Virtuoso Passion: d’Albert’s Cello Concerto

Virtuoso Passion: d’Albert’s Cello Concerto

On March 29, 30 and 31, the Houston Symphony presents Carl Orff’s spectacular masterpiece, Carmina Burana. Houston Symphony Principal Cello Brinton Averil Smith opens the concert with d’Albert’s passionate Cello Concerto. In this post, discover this virtuoso cello showpiece and the stormy love-life of the composer who wrote it. Get tickets and more information here.

d'Albert and Finck
D’Albert with his third wife, Hermine Finck

Even for a musician, Eugen d’Albert was a colorful character. His grandfather, a Frenchman who served in Napoleon’s Grande Armée, settled in Hamburg after the war owing to a certain Teutonophilia that his grandson would inherit. D’Albert’s father, however, left Germany to become a composer of popular dance music in Britain, and d’Albert was born in Glasgow. From an early age, d’Albert showed great promise as a pianist and composer, and his teachers included Arthur Sullivan (of Gilbert and Sullivan fame); he disliked the country of his birth, however, and when he was old enough he moved to Germany, changing his name from the French “Eugène” to the German “Eugen.”

In Weimar, he became one of Liszt’s best piano students and met the first of his many wives. Despite his small stature and receding hairline (which prompted the composer Busoni to dub him “d’Alberich” after the dwarf character in Wagner’s Das Rheingold), he seems to have had a way with women. His second wife, the great Venezuelan pianist Teresa Carreño, said that when he played the piano he seemed to transform into “a fairytale prince.” On one occasion, d’Albert reportedly compared his marriages to Beethoven’s symphonies, joking that he would continue marrying until he reached the ninth “with chorus”; in the end he would tie Henry VIII’s six (most of them, fortunately, fared better than Henry’s wives).

He quickly became one of Germany’s leading pianists, and despite his scandalous personal life, critics held his interpretations of Bach, Beethoven and Brahms in high regard. As his career progressed, however, he increasingly turned to composition, and would write a number of successful operas for Germany’s stages. Completed in 1899, his Cello Concerto dates from his longest and most stable marriage (to his third wife, the opera singer Hermine Finck). A virtuoso showpiece for the soloist, the concerto is full of the Romantic ardor and dramatic flair with which d’Albert undoubtedly lived his life.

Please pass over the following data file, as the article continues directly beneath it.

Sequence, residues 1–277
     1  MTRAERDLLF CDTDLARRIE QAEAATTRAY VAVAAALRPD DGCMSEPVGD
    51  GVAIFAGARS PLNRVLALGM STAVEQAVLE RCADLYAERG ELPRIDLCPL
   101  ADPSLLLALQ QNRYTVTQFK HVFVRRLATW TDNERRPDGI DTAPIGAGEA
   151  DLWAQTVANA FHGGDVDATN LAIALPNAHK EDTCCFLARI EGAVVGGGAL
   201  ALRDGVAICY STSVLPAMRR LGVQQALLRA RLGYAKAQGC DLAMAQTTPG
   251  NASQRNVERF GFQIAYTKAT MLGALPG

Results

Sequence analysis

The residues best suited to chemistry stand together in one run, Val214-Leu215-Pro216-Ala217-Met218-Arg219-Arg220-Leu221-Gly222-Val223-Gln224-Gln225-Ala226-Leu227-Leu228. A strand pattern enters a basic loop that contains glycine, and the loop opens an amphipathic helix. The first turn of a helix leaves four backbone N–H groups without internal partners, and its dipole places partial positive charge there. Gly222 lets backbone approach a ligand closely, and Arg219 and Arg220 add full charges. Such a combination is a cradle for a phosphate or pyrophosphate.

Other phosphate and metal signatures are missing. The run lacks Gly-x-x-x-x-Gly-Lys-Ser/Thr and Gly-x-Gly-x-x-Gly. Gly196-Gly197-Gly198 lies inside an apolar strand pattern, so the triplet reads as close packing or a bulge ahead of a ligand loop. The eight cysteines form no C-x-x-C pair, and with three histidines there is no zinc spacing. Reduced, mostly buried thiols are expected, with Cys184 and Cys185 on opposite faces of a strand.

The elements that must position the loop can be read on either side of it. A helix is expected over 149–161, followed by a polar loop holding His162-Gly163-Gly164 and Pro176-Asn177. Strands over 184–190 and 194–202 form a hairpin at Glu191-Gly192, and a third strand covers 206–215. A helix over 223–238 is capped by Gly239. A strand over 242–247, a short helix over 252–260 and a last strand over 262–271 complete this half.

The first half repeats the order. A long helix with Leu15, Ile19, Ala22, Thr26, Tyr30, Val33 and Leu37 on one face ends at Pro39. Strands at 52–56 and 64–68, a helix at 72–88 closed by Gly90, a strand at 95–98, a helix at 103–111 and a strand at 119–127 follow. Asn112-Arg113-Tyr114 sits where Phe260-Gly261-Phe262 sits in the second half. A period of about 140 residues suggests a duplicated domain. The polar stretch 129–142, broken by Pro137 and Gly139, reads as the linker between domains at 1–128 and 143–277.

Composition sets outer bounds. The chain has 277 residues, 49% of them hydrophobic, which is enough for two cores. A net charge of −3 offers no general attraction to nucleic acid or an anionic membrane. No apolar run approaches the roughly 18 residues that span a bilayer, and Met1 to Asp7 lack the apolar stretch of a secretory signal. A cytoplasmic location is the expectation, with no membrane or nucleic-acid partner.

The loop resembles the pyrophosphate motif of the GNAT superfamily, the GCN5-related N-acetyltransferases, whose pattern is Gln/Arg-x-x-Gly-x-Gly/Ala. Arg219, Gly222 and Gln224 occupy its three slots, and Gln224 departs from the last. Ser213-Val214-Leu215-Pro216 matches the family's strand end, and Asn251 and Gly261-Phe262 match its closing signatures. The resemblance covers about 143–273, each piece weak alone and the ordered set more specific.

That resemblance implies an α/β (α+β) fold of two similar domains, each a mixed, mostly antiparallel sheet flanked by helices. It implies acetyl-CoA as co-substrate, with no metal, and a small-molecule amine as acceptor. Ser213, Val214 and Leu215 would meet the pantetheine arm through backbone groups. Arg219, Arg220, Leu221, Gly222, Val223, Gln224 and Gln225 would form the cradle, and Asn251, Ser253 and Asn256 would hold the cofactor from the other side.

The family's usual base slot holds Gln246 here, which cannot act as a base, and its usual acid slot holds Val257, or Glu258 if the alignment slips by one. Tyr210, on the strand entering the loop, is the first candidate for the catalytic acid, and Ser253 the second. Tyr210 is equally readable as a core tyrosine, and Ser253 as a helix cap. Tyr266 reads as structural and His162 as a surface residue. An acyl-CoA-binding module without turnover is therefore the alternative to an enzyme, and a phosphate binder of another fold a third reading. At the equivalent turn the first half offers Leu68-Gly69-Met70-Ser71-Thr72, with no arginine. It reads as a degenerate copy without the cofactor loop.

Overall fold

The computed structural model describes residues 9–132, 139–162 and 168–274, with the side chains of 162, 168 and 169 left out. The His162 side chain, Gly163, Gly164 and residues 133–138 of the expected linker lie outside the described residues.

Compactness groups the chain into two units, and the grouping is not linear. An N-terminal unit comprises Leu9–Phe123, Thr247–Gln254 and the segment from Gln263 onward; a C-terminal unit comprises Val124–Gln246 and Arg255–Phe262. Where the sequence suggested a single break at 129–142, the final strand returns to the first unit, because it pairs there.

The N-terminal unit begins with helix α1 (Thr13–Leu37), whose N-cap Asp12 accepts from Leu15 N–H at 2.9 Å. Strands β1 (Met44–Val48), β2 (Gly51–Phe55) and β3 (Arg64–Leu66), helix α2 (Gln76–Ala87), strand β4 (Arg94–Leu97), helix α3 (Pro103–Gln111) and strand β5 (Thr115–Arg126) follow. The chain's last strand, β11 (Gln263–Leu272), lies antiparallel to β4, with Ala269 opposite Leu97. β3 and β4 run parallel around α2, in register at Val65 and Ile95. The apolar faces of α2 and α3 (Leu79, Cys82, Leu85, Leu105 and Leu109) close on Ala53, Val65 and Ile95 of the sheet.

The Music

Following the example of his teacher Liszt, d’Albert fused the traditional three movements of the concerto into one integrated whole. The piece begins with rapid string crossings for the cello, above which a haunting melody with a hint of exoticism appears in the oboe:

A second theme is introduced by the horns, which leads to a bounding, joyful third theme. During a development full of virtuoso passagework, the soloist introduces one other main theme—a melody marked “dolce” (“sweet” in Italian). The haunting, exotic melody that opened the work is then reprised, and the music slows as the melody introduced by the horns leads seamlessly into the slow movement. For now, the joyful third theme seems to have disappeared.

The lyrical main theme of the slow movement is introduced by the full orchestra and alternates with contrasting episodes, including a dramatic recitative (a speech-like style of music used in opera) for the soloist above tense tremolo strings. The third movement begins with fast, mischievous music in 6/8 time (the meter of a jig), which leads to the return of the first movement’s “dolce” theme, now marked “appassionato” (Italian for “passionate”). The joyful melody from the first movement soon follows, but is overwhelmed by the climactic return of the exotic theme that began the concerto. Ultimately, the joyful theme prevails, bringing the work to an exuberant end. —Calvin Dotsey

Don’t miss d’Albert’s Cello Concerto and Carmina Burana March 29, 30 and 31. Visit for tickets and more information.

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